The top U.S. and Chinese diplomats have their share of work cut out for them as they strive to reconcile differences between the two nations following the weekend naval confrontation.

The recovery of this relationship is what President Barack Obama deems to be a vital factor to battle what is viewed as the world’s toughest crisis.

Even if diplomatic efforts by Secretary of State Hillary Rodham Clinton and Chinese Foreign Minister Yang Jiechi are successful in toning down the dispute — the two were scheduled to meet Wednesday in Washington — they may ease anger only temporarily over a larger military disagreement.

For many years Beijing has shown discontent to the U.S. surveillance operations around China's borders. Unless communications between the two militaries as they operate in the South China Sea are improved, future conflict remains a possibility.

Clinton and Yang can have a productive exchange to keep this bounded, but the real bureaucracies that need to be there aren't going to be at the meeting, said Jonathan Pollack, professor of Asian studies at the U.S. Naval War College.

He suggested that without stronger military-to-military links, the potential for something ugly happening should not be minimized.

According to China, U.S. Navy mapping ship confronted by Chinese vessels on Sunday was operating illegally in China's exclusive economic zone.

The U.S. side has twisted the facts. The U.S. survey ship was operating in China's exclusive economic zone on its continental shelf. Our vessels were just going about normal business ... This was itself harming China's sovereignty, said Zhang Deshun, a Chinese navy deputy chief of staff, the China News Service reported.

The United States says Chinese ships surrounded and harassed the Navy vessel in international waters in the South China Sea.

U.S. defense officials said Tuesday that the Navy ship was looking for threats such as submarines, presumably Chinese. The officials spoke on condition of anonymity because the ship's exact capabilities are sensitive. Other U.S. officials have said publicly that the United States will continue to patrol in the South China Sea despite Chinese objections.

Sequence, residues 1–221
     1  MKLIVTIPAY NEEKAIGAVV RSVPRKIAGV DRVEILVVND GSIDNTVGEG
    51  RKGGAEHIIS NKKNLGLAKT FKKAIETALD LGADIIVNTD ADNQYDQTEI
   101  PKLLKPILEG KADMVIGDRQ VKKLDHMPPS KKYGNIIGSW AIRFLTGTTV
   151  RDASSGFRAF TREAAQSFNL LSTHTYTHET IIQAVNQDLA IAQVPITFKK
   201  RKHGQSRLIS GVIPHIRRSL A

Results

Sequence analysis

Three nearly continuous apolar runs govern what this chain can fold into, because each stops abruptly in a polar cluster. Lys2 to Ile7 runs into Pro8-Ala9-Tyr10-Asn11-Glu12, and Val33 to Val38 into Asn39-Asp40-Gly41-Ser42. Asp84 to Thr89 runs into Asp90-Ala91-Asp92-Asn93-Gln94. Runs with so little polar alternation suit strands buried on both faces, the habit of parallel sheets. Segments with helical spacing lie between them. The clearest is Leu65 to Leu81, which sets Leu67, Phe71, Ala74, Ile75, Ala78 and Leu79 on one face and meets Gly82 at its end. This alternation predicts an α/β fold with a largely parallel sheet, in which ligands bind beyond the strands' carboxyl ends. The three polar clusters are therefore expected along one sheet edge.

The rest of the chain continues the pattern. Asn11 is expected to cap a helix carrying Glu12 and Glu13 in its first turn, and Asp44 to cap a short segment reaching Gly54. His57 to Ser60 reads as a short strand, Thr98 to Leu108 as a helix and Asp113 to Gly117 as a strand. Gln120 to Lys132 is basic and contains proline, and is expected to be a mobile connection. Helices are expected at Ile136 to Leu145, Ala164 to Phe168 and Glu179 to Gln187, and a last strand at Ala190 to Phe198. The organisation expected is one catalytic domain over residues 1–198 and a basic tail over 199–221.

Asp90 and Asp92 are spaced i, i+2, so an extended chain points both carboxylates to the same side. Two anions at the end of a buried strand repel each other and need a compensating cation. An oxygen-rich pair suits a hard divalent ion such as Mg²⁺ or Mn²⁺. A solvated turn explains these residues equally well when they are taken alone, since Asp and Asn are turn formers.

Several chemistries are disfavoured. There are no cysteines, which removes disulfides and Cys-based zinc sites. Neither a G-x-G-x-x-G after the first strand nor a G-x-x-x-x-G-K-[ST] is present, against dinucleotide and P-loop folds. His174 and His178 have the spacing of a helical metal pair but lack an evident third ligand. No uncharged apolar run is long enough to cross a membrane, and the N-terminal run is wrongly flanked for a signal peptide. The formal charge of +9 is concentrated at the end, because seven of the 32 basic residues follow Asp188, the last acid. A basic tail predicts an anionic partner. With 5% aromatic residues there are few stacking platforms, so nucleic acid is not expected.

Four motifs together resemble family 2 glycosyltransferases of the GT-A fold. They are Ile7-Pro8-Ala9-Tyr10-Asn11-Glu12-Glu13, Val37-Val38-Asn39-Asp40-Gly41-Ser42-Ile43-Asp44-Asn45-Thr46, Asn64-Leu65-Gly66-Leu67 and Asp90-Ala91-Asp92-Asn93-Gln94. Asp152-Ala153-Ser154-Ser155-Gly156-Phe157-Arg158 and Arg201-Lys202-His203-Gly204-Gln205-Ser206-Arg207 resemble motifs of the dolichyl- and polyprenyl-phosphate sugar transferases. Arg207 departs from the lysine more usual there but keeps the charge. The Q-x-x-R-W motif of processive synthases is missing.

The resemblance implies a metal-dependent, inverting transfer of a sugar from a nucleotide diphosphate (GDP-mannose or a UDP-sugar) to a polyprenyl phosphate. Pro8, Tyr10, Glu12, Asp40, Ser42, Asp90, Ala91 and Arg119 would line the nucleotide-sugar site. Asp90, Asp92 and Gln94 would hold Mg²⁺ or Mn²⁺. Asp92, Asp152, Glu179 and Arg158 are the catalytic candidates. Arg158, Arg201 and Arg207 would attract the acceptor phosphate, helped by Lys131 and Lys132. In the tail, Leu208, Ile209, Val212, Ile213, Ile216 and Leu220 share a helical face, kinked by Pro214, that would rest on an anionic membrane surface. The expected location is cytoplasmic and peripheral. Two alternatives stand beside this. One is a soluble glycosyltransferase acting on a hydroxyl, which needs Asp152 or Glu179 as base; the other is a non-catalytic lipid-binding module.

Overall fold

On Tuesday, U.S. National Intelligence Director Dennis Blair told lawmakers that the incident was the most serious episode between the two nations since 2001, when China forced the landing of a U.S. spy plane and seized the crew. Blair said the confrontation indicated that China is willing to flex its military might.

The Clinton-Yang meeting Wednesday was meant originally to build on good will from Clinton's visit to China last month. Yang also was scheduled to meet with Treasury Secretary Timothy Geithner and with White House officials, the State Department said.

In her recent trip to China, she left Beijing officials impressed by listening to China's concerns and pledging to work together to lay a foundation for a positive relationship between the two powers and not to let human rights differences interfere with attempts to cooperate on broader issues

The weekend naval incident comes as the Obama administration tries to get Chinese help on a host of foreign policy matters, including efforts to confront Iran and North Korea over their nuclear programs.